Vanessa Anspaugh on Kickstarter
On January 18th Vanessa Anspaugh’s Kickstarter Project for her upcoming Live Arts premiere, Armed Guard Garden, successfully reached its funding goal. With the support of 167 backers, the project gained momentum and visibility via facebook, surpassing its $10,000 goal by $25 in its final hours. In light of her recent crowd-funding success, we asked Vanessa if we could pick her brain about the experience…
One night, two voices: Vanessa Anspaugh and Jen Rosenblit
Vanessa Anspaugh and Jen Rosenblit share a program at New York Live Arts Feb 15-18. Read the Time Out New York preview about their World Premiere performances, Armed Guard Garden (Anspaugh) and In Mouth (Rosenblit).
New York Live Arts presents Vanessa Anspaugh and Jen Rosenblit: Feb 15-18
NEW YORK LIVE ARTS
Vanessa Anspaugh’s Armed Guard Garden
Jen Rosenblit’s In Mouth
February 15-18 at 7:30pm
New York, NY, January 18, 2012 – New York Live Arts presents two World Premieres in a shared evening featuring Vanessa Anspaugh’s Armed Guard Garden and Jen Rosenblit’s In Mouth, on February 15-18 at 7:30pm. (more…)
Context Notes: Fresh Tracks
The Incubator and the Escalator
To thrive, a dance community must develop its raw materials: the dancers, the choreographers, and the managers who grease the wheels. Fresh Tracks, and its antecedent programs at Dance Theater Workshop, have long been an early step on the career escalator.
Any young choreographer with the ego, the gumption and the resources can put on a show. The challenge, after assembling those resources, is to be noticed, to have one’s work vetted by critics, presenters, and curators of every stripe. The career trajectory of artists is like an escalator: if the right people notice you, and like what you do, you can move on up until you land onstage at BAM, at the Rose Theater, or in the Park Avenue Armory. Or chairing a university dance department. You win awards and fellowships, tour nationally and internationally, get invited to teach and perform at festivals. You can make a life doing what you love.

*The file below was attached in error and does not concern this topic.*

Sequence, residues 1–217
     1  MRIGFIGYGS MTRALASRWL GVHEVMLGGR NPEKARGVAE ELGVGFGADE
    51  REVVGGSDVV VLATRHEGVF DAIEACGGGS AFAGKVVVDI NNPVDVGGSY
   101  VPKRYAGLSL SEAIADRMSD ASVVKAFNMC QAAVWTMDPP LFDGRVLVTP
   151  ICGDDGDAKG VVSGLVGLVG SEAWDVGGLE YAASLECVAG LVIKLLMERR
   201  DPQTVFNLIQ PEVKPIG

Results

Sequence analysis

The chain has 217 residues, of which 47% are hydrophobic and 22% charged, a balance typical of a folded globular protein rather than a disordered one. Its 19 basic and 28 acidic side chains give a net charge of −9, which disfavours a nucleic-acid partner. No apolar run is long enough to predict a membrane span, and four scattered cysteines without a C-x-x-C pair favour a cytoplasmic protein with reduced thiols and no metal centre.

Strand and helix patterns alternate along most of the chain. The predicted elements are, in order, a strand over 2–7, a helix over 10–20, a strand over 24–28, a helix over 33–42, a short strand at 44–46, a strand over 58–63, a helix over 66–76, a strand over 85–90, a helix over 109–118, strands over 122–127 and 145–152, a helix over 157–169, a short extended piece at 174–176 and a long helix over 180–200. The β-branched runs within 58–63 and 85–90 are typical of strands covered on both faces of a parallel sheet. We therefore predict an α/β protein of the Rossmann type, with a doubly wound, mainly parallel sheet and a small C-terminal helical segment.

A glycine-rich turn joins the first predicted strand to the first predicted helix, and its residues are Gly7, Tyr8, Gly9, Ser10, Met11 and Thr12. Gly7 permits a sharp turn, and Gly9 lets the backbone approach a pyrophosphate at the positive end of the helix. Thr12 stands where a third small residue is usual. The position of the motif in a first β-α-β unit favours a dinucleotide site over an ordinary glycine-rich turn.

Keeping track of new arrivals on the New York City scene is a perpetual problem for dance writers and presenters. There are as many as 25 separate dance productions a week within the five boroughs, and it’s next to impossible for a journalist or arts manager to attend more than four or five. We have obligations to the work of established artists in major theaters, but critics treasure programs like Fresh Tracks, which auditions dozens of hopefuls, lavishes major curatorial attention on selected beginners, and skillfully produces their performances—no more than 15 minutes long—in its comfortable, fully equipped theater.
Forty-eight years ago Jeff Duncan, one of the founders of DTW, started making space for emerging choreographers in his West 20th Street loft, where 50 people could watch dances in the studio nestled between his kitchen and his bedroom. Since then more than 500 artists have moved through this incubator program, which has undergone changes of name and venue.
Many alumni have moved quite far; one, Bill T. Jones, actually runs New York Live Arts, as well as his own company and the occasional Broadway musical, 35 years after his initial audition. Others are or were chairing dance departments in universities (Ze’eva Cohen, Linda Tarnay, Ara Fitzgerald, Stephan Koplowitz, David Dorfman, Gay Delange, Mary-Jean Cowell, Cherylyn Lavignino); many more teach all over the country.
Many Fresh Tracks alumni (Tere O’Connor, Luciana Achugar and Levi Gonzalez, Daniel Linehan, Juliana May, Tina Croll, Billy Siegenfeld, Maida Withers, Diane Jacobowitz, Donald Byrd, Catherine Turocy, Bebe Miller, Molissa Fenley, Doug Varone, David Parsons, Bridgman/Packer, Anne Teresa de Keersmaeker, Doug Elkins, Dean Moss, Ron Brown, Shapiro & Smith, Pearson/Widrig, Reggie Wilson, David Parker, Keely Garfield, RoseAnne Spradlin, Christopher Caines, Joanna Mendl Shaw, Lucy Guerin, Ellis Wood, Yasmeen Godder, Yanira Castro , Shannon Hummel, Yasuko Yokoshi, Ivy Baldwin, Monica Bill Barnes, Ann Liv Young, Jonah Bokaer, Deganit Shemy, Jen Rosenblit, Vanessa Anspaugh and others) run companies of their own. Others continue to produce solo and duet work on a project basis. Some (like Deborah Jowitt, Gus Solomons jr, and Wendy Perron) have become dance writers and teachers while continuing to perform. Some serve the dance community as publicists (John Wyszniewski) and arts managers (Laurie Uprichard, Elise Long, Liz Thompson, Paz Tanjuaquio, Martha Bowers, Karen Bernard, Ursula Eagly). Several (like Bill T. Jones, Meredith Monk, and Elizabeth Streb) received MacArthur “genius” awards. Too many (including all three of DTW’s founders, Duncan, Jack Moore and Art Bauman) have died.
Not all Fresh Tracks artists live locally; high spots have included work by Providence-based choreographer Dorothy Jungels, Argentina’s Susana Szperling, Seattle’s Pat Graney, and Philadelphia’s Headlong.
Current Fresh Tracks guidelines prohibit “repeaters,” unless they were participants before 2006, when a residency component was added to the program. A surprising number of artists had more than one appearance in the series, including Claire Porter, whose four shots spanned more than a decade between 1983 and 1994. One repeater, Alice Teirstein, recently received a Bessie award for her lifelong services to the field of dance.